Bio

I am a historian of Christianity in the United States, with interests in commemoration, memory, and material culture.

Raised in south-central Pennsylvania, I earned my bachelor’s degree at Messiah University before attending Temple University in Philadelphia, where I completed my MA in public history (2012) and my PhD (2020). In 2013, I returned to Messiah University, where I continue to serve in several roles.

First, I am as the director of the E. Morris and D. Leone Sider Institute for Anabaptist, Pietist, and Wesleyan Studies. In this role, I draw on my training as a historian to help the university community (and its founding denomination, the Brethren in Christ Church) understand and interpret its history and theological heritage. My role involves planning an annual study conference and various lectures, administering various research grants and fellowships, and other activities.

Second, I am assistant professor of American religious history & interdisciplinary studies. I teach a variety of courses, including Introduction to Christian Theology, Christianity in North America, Religious Pluralism in America, Brethren in Christ Life + Thought, and the Wesleyan/Holiness Tradition. I also teach in our honors program and our first-year general education program, which focuses on helping students become critical thinkers and engaged writers.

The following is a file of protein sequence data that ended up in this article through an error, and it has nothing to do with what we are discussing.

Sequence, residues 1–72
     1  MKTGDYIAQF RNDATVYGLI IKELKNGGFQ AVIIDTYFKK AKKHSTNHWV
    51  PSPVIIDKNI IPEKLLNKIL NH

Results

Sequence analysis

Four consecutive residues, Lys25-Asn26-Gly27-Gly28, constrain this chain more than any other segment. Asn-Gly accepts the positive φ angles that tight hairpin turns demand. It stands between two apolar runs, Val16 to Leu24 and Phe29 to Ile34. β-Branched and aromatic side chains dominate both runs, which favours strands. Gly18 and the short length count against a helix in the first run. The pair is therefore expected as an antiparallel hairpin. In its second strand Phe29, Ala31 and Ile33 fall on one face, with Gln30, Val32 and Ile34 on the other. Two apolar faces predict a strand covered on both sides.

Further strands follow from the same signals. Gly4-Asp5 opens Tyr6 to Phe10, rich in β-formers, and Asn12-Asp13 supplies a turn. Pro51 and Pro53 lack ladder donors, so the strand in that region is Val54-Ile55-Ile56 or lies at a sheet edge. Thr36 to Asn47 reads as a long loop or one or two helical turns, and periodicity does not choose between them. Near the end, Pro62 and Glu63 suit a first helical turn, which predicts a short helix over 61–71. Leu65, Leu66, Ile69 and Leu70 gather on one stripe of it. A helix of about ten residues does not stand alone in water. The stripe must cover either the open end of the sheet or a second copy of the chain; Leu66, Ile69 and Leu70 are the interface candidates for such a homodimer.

Finally, I am the director of archives, supervising collections related to Messiah University, the Brethren in Christ Church, and the Ernest L. Boyer Center, a Messiah alumnus and one of the most significant leaders in American education in the twentieth century.

As a scholar, my research focuses on the intersection of commemoration, memory, and material culture in American Protestantism. My book, Exhibiting Evangelicalism: Commemoration, Conservative Christianity, and Religion’s Presence of the Past, the first study of the history of evangelical museums and historical sites in the twentieth- and twenty-first-century United States, will be published in 2022 by the University of Massachusetts Press, in their “Public History in Historical Perspective” series. In addition, my research and writing has focused on the history and theology of the Brethren in Christ Church. My work has appeared in Church HistoryFides et Historia, Mennonite Quarterly ReviewThe Wesleyan Theological Journal, The Conrad Grebel Review,  Brethren in Christ History and Life, and other scholarly and popular publications.

Outside of the classroom and the archives, my life revolves around my family: my wife, Katie, and our son, Lucas. I enjoy traveling, reading fiction, building with Lego, and staying active.

You can follow me on Twitter @devinmzt.

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